It was serendipitous that Jean-Louis Briaud, Geotechnical and Geoenvironmental Program manager at the Texas A&M Transportation Institute, found himself presenting the prestigious Louis Menard Lecture in Paris, France, September 2. The annual lecture is part of the International Conference of Soil Mechanics and Geotechnical Engineering.
Forty years ago, as a young civil engineering lecturer at the University of New Brunswick in Canada, Briaud came up with a concept for measuring the strength and deformability of soil. He took his drawings to the library and quickly discovered that a device called the pressuremeter — allowing engineers to design stable foundations based on those soil conditions — had already been invented. The inventor was none other than Louis Menard, who (also as a student) came up with the idea 17 years before Briaud.
Menard quickly became well known in geotechnical engineering, Briaud says, and was at the height of his career when he died from cancer in 1978 at the age of 45.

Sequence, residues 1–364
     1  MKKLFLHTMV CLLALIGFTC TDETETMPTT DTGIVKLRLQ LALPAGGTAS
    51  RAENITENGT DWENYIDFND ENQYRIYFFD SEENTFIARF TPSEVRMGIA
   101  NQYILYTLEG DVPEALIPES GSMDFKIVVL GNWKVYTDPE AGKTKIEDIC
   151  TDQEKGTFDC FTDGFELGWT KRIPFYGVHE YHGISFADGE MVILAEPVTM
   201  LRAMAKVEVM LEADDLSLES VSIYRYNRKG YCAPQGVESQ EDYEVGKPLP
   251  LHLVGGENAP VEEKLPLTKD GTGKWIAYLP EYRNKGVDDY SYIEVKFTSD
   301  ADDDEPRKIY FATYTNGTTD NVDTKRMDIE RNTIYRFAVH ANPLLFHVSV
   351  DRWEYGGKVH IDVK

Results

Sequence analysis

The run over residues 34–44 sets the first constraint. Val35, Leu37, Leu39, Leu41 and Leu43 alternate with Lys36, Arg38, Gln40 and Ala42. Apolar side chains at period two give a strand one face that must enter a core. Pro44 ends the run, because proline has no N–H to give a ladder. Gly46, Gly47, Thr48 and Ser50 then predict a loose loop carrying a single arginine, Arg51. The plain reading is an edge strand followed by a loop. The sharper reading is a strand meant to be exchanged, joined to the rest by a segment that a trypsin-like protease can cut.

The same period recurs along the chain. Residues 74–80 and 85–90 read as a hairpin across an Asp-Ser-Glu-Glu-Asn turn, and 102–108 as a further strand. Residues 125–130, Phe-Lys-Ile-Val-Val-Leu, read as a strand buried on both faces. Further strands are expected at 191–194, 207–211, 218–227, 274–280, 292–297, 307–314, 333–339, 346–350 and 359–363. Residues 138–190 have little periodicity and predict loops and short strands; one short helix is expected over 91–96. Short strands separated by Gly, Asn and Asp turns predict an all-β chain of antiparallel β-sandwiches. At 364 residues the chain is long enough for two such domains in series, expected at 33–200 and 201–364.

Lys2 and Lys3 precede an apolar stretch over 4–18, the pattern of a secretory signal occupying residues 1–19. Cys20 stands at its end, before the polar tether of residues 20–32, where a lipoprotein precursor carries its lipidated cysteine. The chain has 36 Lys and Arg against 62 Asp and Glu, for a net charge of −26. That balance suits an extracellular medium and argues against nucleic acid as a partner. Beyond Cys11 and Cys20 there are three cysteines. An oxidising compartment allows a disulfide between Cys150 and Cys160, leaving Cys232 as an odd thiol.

Briaud, who was also born in France, went on to get his master’s and doctoral degrees in geotechnical engineering. In 1992, he wrote a book, entitled The Pressuremeter, about Menard’s invention that formed the topic of Briaud’s lecture before 2,300 geotechnical engineers from around the world.
Briaud has recently authored another book, Geotechnical Engineering: Saturated and Unsaturated Soils, which Briaud says is the culmination of his life’s work. It was designed to be the only textbook needed by students studying soil mechanics.
“It was certainly an honor to be selected to present the Menard Lecture, in part because I was such a fan of his,” Briaud says. “I can’t help but think of all the additional contributions and innovations he likely would have come up with if not for his death at such a young age.”